By now, I had many thoughts darting through my head, so I sat down to write my stories. Any writer must have a conducive environment. Tanhau is on the top of my list for nature lovers looking to find solitude and a place to relax, sit and pen down their thoughts. The beautiful landscape and skylights exploded in my brain as I started stringing words into stories.

winter skylights in Kumaon

 Day 4

The man-eater trail is the name of a trek down 2500 feet of mountainous terrain through deep jungles, tiger territory and the absolute unknown. There is no set path or map. It exists because of the instinct of a few local people who discovered it, possibly relating it to stories of the route taken by Jim Corbett to track down the man-eater of Mohan.

The trek over 5 hours is extremely tough and a worthy challenge for fitness enthusiasts. An added plus is the many sounds and sights of the jungle that make a safari experience look like a poor cousin. On foot, treading for hours, clearing a path for yourself through hours of descent and watching out for tiger or elephant movement is a sheer thrill.

The wildlife was all there, somehow hiding and camouflaging as they are adapted to do and only rarely revealing their location. We were like aliens, not knowing the ways of the jungle and even with the softest of tread, making enough noise to break the deep silence that engulfs a forest.

The barking deers and langurs called out to alert of tiger movement, and 200 ft away, the tiger rumbled his irritation. It was a moment of unparalleled fear and thrill, followed by relief as the silence returned. The close encounter with a tiger hidden somewhere, watching us, sparing us, is a moment we will never forget.

At the end of the trek, we exited close to the Durgadevi gate of the Jim Corbett Park, and a cab brought us up back to Tanhau.

It was Christmas, and we brought in the evening with mulled wine, stunning skylights and warmth of bonfires.

winter skylights Kumaon

It was worth celebrating completing the trail since as of now, not many people have ventured there. Holiday breaks like these offer quality family time, time to learn and heal through nature as well as enough solitude that one can embrace, should they wish.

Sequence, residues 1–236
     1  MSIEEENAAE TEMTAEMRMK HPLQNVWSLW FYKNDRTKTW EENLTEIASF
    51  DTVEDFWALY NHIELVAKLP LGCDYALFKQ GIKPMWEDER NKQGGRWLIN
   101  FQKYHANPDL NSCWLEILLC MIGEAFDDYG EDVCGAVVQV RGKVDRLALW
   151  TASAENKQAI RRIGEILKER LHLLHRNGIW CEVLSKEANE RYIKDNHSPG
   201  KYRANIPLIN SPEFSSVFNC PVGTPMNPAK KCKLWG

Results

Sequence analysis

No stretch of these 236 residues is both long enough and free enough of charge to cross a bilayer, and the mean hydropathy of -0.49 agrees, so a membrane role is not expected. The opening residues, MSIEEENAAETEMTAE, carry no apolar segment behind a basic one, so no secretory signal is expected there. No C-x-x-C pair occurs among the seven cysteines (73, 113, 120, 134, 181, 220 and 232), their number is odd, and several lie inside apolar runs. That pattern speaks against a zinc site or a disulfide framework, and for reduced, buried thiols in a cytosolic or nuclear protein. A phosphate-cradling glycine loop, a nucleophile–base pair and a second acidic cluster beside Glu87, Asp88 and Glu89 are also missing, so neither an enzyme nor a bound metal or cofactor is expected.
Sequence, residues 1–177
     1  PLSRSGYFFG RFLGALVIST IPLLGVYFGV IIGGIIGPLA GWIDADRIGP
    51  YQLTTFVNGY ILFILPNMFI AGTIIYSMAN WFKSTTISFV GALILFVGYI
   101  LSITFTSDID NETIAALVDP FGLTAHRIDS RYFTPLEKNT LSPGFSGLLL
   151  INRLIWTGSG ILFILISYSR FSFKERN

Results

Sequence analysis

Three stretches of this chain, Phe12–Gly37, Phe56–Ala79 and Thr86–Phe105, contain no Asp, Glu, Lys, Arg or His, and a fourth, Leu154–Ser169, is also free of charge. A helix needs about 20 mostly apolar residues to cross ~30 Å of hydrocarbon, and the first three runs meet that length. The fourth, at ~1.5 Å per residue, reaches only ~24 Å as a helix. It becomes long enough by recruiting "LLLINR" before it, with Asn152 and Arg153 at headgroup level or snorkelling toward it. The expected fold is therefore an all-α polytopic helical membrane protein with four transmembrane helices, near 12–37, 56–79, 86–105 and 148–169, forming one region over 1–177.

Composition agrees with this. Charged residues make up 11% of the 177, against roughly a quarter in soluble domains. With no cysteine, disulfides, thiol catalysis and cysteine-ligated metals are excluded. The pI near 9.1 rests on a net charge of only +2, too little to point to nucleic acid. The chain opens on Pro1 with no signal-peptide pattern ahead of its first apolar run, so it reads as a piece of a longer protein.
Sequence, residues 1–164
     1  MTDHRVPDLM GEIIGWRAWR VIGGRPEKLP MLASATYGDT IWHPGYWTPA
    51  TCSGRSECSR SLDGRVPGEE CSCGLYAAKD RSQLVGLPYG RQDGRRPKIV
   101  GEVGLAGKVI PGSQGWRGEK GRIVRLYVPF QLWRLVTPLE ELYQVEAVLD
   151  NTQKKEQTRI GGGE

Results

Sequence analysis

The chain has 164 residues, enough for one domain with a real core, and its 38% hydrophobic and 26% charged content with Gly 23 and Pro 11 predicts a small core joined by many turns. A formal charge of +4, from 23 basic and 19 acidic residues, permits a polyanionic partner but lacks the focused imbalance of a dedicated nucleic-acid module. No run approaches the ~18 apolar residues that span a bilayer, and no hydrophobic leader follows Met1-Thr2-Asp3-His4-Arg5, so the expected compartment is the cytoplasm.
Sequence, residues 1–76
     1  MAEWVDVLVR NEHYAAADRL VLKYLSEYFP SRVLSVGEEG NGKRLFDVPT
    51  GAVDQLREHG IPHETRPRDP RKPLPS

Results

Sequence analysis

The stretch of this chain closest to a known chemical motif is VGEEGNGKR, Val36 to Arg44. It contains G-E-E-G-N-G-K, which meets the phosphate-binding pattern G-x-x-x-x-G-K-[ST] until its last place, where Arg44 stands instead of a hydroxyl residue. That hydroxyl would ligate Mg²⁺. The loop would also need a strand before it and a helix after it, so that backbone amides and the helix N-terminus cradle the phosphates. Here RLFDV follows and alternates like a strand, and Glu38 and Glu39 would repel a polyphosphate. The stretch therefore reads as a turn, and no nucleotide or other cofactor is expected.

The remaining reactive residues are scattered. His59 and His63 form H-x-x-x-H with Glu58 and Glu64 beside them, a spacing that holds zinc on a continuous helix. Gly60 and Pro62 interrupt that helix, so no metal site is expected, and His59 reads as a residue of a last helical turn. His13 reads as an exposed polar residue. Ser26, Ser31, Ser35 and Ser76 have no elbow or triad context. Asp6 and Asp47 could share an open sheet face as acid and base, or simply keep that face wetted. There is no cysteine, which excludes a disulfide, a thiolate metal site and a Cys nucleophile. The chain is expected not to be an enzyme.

There was a feeling of not wanting to leave the next day, somehow steal another day from our busy lives to absorb the simplicity, bliss and hospitality at Tanhau.

However, we know now that we have a home away from home, the owners Chaitali and Sunando, as friends for life and I will be going back there as often as possible. Some of the stunning photographs included here are by Sunando. He is not only a great photographer but a wildlife enthusiast and entrepreneur. His wife Chaitali makes Tanhau the home it has come to be for so many like-minded people who visit there. Their details can be sought at www.tanhau.in

Tips :

  • The journey from New Delhi to Tanhau is 310 km, takes approximately 7 hours nonstop.
  • Good pitstops are around Gajraula where a drive-through KFC, Mcdonalds and Subway are options right across the road from each other.
  • Travel start should be early from New Delhi to avoid traffic. Make the return journey from Tanhau post breakfast, to avoid the early morning herd of elephants that can cause damage to cars and humans.
  • Tips for packing: It is advisable to pack a couple of light tracks suits, good trekking shoes, light and warm jackets according to the season, camera, binoculars and water bottles.

Activities to do around Tanhau

  • Safari at the Corbett National Park.
  • Stay at Dhikala forest lodge.
  • Man-eater trail for sheer jungle adventure and trek
  • Go fishing around Ram Ganga river.
  • Relax and unwind space for writers and painters.
  • Network with the community of bnb owners, many of whom are artists and environmentalists.
  • Family holidays with pets for those looking for pet-friendly destinations.

Hope you found this post inspiring enough to visit Tanhau and Corbett National Park. Visit their website www.tanhau.in

Please feel free to share your experience of travel to this beautiful part of India.